These factors include the burden and the nature and scope of dispossession, the contamination of cultures and government sanctioned attempts of genocide, entrenched poverty, racism and the ongoing denial of the fundamental and unique rights and freedoms of Aboriginal peoples in Australia.

Clearly the current strategy is not working, suggesting that a new policy approach should be adopted. Such an approach should be designed to develop effective and empowering negotiated partnerships with Aboriginal people, particularly at the local community level.

Incorporated into any new policy approach should be targets for truth telling and social and restorative justice.

Increasingly research is telling us something that Aboriginal peoples have always known: it is only when Aboriginal people are in control of their own lives do we witness a real shift in the socio-political circumstances, including health, that defines the life journey of most Aboriginal people.

Currently in Australia there are three sites where research is being conducted that is exploring what a new model of community governance might look like.

These communities are the Gunditjmara people in Victoria, the Ngarrindjeri nation in South Australia and groups and individuals from the Wiradjuri nation in NSW.

If long overdue and sustainable change is to occur it will require the design and adoption of a new model of engagement

The Australian research is based on the Harvard Project wherein researchers work in partnership with First Nation communities in the USA to explore new models of Indigenous governance and economic development. The research from that project tells us that:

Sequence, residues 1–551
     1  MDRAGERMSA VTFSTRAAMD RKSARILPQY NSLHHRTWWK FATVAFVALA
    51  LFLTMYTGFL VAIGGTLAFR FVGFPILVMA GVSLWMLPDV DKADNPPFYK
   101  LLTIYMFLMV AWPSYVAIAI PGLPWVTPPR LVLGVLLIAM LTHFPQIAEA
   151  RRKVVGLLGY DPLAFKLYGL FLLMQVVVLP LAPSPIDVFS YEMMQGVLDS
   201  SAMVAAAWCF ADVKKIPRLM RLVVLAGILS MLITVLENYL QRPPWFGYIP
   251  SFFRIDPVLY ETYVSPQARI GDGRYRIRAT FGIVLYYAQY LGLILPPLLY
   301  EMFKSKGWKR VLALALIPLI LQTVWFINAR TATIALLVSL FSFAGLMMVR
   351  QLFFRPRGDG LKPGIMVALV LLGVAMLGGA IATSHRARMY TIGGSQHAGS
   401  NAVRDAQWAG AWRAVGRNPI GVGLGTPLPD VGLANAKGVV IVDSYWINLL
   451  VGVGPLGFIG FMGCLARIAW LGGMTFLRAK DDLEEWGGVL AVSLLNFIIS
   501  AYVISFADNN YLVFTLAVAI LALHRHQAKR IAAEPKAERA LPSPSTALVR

Sovereignty matters. When Aboriginal nations make their own decisions about what development approaches to take, they consistently out-perform external decision makers on matters as diverse as governmental form, natural resource management, economic development, health care, and social service provision.

Institutions matter. For development to take hold, capable institutions of governance must back the assertions of sovereignty. Nations do this as they adopt stable decision-making rules, establish fair and independent mechanisms for dispute resolution, and separate politics from day-to-day business and program management.

Culture matters. Successful economies stand on the shoulders of legitimate, culturally grounded institutions of self-government. Indigenous societies are diverse; each nation must equip itself with a governing structure, economic system, policies, and procedures that fit its own contemporary culture.